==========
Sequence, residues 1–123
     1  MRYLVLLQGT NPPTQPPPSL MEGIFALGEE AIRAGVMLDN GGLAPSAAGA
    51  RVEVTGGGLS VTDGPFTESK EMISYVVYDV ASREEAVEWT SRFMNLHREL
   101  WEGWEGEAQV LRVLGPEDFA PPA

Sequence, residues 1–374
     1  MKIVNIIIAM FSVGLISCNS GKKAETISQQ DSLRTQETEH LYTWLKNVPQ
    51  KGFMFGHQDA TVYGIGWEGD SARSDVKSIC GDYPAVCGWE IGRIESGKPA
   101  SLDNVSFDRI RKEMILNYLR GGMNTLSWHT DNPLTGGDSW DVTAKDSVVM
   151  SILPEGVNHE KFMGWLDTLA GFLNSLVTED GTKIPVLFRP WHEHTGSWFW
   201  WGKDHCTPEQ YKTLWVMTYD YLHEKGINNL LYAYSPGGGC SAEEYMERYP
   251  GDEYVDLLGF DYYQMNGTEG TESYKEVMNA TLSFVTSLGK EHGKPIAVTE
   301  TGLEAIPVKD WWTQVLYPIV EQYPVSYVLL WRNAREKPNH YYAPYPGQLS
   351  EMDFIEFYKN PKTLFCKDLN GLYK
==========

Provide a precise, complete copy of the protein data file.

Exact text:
Sequence, residues 1–123
     1  MRYLVLLQGT NPPTQPPPSL MEGIFALGEE AIRAGVMLDN GGLAPSAAGA
    51  RVEVTGGGLS VTDGPFTESK EMISYVVYDV ASREEAVEWT SRFMNLHREL
   101  WEGWEGEAQV LRVLGPEDFA PPA

Sequence, residues 1–374
     1  MKIVNIIIAM FSVGLISCNS GKKAETISQQ DSLRTQETEH LYTWLKNVPQ
    51  KGFMFGHQDA TVYGIGWEGD SARSDVKSIC GDYPAVCGWE IGRIESGKPA
   101  SLDNVSFDRI RKEMILNYLR GGMNTLSWHT DNPLTGGDSW DVTAKDSVVM
   151  SILPEGVNHE KFMGWLDTLA GFLNSLVTED GTKIPVLFRP WHEHTGSWFW
   201  WGKDHCTPEQ YKTLWVMTYD YLHEKGINNL LYAYSPGGGC SAEEYMERYP
   251  GDEYVDLLGF DYYQMNGTEG TESYKEVMNA TLSFVTSLGK EHGKPIAVTE
   301  TGLEAIPVKD WWTQVLYPIV EQYPVSYVLL WRNAREKPNH YYAPYPGQLS
   351  EMDFIEFYKN PKTLFCKDLN GLYK